Evans' projects range from battling air pollution to helping improve overseas newspapers, to beautifying Manchester to exposing the cause of the deadliest DC-10 air crash and uncovering one of the largest health scandals in the century.

    I found it fascinating - it's a book that I'll enjoy rereading at leisure.
    Review copy provided by the publisher.

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  • Posted December 9, 2009

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    Bridget's Review

    I'm a huge fan of memoirs. I love to read about someone else's life. My Paper Chase tells the story of Howard Evans who ran a newspaper and the struggles he faced daily. He charged on even when there was a chance that the newspaper would lose it's place in the world.

    This was a very interesting book that allows you to look back in time and understand that nothing comes easy and everything has a price.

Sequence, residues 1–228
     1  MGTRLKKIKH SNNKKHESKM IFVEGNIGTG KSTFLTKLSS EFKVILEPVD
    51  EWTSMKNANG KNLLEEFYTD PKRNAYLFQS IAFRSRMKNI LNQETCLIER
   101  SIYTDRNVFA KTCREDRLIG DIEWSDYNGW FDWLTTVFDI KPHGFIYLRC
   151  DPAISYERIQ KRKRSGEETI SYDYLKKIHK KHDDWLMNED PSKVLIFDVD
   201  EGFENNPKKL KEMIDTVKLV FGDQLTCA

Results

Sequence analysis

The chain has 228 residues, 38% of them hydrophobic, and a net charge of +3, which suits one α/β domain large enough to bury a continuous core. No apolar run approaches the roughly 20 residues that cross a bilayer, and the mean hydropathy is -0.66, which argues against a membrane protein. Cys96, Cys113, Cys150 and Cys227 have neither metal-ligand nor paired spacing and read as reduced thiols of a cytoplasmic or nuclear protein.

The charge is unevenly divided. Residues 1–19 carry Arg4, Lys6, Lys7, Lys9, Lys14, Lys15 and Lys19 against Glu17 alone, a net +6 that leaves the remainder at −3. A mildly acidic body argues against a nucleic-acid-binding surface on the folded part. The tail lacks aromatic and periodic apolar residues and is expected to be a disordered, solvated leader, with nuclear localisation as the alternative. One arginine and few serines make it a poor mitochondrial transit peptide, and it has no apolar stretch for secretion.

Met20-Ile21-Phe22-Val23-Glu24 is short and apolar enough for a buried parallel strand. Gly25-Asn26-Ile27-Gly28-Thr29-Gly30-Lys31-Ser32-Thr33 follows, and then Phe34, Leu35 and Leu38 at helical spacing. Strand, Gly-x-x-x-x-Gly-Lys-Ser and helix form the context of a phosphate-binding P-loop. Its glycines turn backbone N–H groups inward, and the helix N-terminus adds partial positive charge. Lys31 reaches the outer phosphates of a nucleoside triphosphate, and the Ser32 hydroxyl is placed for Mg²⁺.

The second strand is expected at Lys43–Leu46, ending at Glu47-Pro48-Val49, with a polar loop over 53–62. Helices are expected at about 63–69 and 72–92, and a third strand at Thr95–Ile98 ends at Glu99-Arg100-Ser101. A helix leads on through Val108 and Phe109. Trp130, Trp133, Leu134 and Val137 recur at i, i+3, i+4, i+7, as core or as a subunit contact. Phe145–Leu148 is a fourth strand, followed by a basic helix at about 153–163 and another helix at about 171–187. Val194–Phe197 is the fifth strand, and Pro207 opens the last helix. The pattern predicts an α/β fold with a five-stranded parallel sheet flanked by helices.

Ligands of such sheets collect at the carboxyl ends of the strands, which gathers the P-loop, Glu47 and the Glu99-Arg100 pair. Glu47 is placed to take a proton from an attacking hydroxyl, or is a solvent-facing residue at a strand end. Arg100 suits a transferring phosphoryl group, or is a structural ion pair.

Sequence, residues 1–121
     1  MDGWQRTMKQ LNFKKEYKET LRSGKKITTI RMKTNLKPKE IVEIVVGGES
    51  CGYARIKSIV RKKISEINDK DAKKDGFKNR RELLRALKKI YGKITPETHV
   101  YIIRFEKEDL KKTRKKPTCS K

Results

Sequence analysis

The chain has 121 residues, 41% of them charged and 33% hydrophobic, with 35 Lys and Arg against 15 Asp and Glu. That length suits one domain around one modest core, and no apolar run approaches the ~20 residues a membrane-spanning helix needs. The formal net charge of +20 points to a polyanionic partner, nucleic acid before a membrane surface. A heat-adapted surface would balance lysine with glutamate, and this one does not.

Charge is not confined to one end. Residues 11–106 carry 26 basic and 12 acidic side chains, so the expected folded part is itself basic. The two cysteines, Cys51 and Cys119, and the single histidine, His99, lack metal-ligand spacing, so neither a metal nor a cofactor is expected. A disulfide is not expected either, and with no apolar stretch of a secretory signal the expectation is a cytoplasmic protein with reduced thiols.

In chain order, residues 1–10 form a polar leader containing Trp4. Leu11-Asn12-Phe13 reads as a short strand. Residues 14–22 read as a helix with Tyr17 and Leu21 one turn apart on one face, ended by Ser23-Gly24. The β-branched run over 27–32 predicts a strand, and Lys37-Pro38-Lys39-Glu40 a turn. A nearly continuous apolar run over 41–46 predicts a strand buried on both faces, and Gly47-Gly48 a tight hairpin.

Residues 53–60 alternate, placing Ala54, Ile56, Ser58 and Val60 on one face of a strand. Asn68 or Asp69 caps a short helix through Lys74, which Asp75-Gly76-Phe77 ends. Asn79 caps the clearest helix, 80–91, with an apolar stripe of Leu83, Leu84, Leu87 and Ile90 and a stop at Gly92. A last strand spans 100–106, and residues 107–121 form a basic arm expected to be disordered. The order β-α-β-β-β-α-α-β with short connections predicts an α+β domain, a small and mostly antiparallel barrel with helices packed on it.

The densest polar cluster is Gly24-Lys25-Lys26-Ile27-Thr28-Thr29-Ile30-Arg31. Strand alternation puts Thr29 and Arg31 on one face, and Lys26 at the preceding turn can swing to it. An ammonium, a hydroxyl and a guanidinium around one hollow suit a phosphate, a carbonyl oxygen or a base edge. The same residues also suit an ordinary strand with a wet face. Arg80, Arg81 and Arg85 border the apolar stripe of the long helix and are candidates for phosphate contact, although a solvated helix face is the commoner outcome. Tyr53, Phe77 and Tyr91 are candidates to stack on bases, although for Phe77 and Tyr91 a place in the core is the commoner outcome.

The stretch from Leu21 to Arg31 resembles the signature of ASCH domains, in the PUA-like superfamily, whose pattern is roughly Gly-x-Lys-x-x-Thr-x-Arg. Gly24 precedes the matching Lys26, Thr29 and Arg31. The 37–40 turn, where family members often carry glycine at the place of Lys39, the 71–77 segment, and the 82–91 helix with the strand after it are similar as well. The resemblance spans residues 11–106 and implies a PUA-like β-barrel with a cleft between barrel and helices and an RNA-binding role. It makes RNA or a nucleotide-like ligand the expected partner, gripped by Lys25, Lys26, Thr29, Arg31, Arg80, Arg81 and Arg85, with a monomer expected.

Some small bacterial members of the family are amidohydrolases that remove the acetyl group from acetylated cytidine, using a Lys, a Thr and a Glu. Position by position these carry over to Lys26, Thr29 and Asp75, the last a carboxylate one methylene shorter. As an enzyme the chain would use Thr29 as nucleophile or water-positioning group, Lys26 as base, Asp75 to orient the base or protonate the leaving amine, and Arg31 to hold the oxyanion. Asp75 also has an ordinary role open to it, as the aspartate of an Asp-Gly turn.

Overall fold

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  • Anonymous

    Posted November 12, 2009

    compelling!

    This is a compelling read. Mr. Evans writes with passion about his love for newspapers, his yearning for education, the responsibilities of journalism. You can practically smell the newsprint as an edition is coming off the presses. I gained a new understanding of the role of investigative journalism and the challenges reporters and editors face. I could not put this book down.